In some known designs, for example in WO2013079376, an adjuster is provided axially in-line with one of the tappets, and is connected to the tappet independently of the rotational linkage. Whilst this does mean that the adjuster can be removed without de-synchronizing the tappets, in practice it is not possible to remove an adjuster at all from this position with the application unit still installed within the caliper. Although a single unit including the two synchronized tappets can be separated from the adjuster, this is only possible by substantially disassembling the caliper and removing the unit.

In some older designs, for example in WO9701045, an adjuster is provided to the side of one of the tappets, between the tappet and the side of the caliper rather than between the tappets. In these designs, the adjuster can be removed without de-synchronising the tappets, but in order to do this a stressed rear cover plate has to be employed and this must be removed together with the operating shaft, which again amounts to a substantial disassembly of the caliper and removal from the vehicle.

More advanced adjusters than the simple mechanical type are becoming more popular. Electric adjusters which actively control the running clearance of the pad relative to the disc can provide for closer running clearance, which reduces the brake application time and therefore the stopping distance of the vehicle whilst ensuring that the brakes do not “run hot”, which reduces the efficiency of the vehicle and also the performance of the brakes. However, for the above mentioned reasons it is difficult to replace one type of adjuster with another type, because replacement of the adjuster requires substantial disassembly of the whole brake.

It is an object of the invention to provide a disc brake caliper which is easier to service.

STATEMENT OF INVENTION

According to the present invention, there is provided a brake caliper, including a brake caliper housing and a brake application unit disposed within the caliper housing,

    • the application unit comprising a pivoting lever, first and second tappets for transmitting force from the pivoting lever to a brake pad, the tappets each being formed in two threaded tappet sections and being adjustable in length by means of rotating one tappet section relative to the other tappet section, and a gear train including first and second respective tappet gears for synchronising rotational movement of the first and second tappets, an intermediate coupling gear disposed substantially centrally between the first and second tappet gears as part of the gear train, the coupling gear including means for removably receiving an output shaft of a substantially centrally disposed adjuster and for transmitting rotation from the adjuster to the first and second tappet gears, and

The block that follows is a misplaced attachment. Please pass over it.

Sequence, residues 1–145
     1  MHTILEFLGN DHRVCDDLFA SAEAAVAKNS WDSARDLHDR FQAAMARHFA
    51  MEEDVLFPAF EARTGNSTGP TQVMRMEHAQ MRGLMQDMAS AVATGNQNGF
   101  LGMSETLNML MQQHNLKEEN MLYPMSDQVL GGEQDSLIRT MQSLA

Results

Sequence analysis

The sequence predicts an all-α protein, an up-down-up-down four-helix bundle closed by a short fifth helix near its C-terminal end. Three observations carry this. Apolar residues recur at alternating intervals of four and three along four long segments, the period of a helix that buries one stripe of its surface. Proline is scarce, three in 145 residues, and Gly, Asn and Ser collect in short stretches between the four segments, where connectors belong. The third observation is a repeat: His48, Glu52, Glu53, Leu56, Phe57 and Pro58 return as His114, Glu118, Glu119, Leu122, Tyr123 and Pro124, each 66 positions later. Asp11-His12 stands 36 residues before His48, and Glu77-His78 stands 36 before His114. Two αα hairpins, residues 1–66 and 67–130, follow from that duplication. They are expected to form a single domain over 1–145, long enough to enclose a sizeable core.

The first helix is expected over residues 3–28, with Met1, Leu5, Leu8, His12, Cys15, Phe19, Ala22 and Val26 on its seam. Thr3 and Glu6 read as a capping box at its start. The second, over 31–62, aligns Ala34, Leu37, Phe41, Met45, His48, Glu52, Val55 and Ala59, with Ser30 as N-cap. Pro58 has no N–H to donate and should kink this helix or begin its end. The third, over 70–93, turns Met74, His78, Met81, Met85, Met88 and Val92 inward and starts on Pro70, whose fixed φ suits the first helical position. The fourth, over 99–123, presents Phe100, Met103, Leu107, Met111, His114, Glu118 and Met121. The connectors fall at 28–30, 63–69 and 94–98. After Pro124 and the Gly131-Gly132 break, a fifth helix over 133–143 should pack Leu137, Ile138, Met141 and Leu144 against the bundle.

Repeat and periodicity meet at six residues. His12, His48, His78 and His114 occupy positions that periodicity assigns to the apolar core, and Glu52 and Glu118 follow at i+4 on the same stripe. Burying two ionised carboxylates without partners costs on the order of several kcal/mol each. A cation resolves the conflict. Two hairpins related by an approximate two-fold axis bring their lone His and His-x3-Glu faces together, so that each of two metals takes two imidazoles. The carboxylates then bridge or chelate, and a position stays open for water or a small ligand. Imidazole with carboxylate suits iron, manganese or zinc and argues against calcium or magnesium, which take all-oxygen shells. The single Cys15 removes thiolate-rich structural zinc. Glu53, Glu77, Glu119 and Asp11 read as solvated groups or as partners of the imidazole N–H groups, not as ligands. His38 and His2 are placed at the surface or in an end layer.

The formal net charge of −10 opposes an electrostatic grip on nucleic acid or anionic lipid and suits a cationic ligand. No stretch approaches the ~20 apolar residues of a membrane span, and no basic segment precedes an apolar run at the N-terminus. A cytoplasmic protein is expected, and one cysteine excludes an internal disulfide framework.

• the brake caliper housing being provided with an aperture in a rear wall, for allowing removal and replacement of the adjuster.

The intermediate coupling gear allows a substantially centrally located adjuster to be withdrawn from the rest of the assembly, without de-synchronizing the tappets. Because the adjuster is central, it can be withdrawn through the clearance in a typical wishbone pivoting lever, and out of an appropriately located opening in the rear of the caliper.

The adjuster can be withdrawn for inspection, service, or replacement. A simple mechanical adjuster could be replaced with an electric adjuster for active clearance control, without requiring any substantial disassembly of the brake or resetting of the synchronization between the tappets.

A further advantage is in initial assembly of the application unit, or reassembly if the application unit has had to be disassembled for other reasons. Synchronization of the tappets, where it is required, is relatively straightforward because the pistons can be set to the same length on a jig, and the intermediate coupling can then be installed to keep the tappets synchronized. The adjuster can be installed later. This provides for a simplified assembly procedure which does not require complex equipment, and gives flexibility in terms of the point at which the adjuster is fitted. The adjuster may be fitted immediately after synchronizing the tappets, or at a later stage if convenient.

The above mentioned advantages mean that the product incorporating the invention can be supplied more easily as a modular kit, for CKD assembly for export markets and local customisation by OEMs. For example, some OEM customers may wish to include an electric adjuster as an option.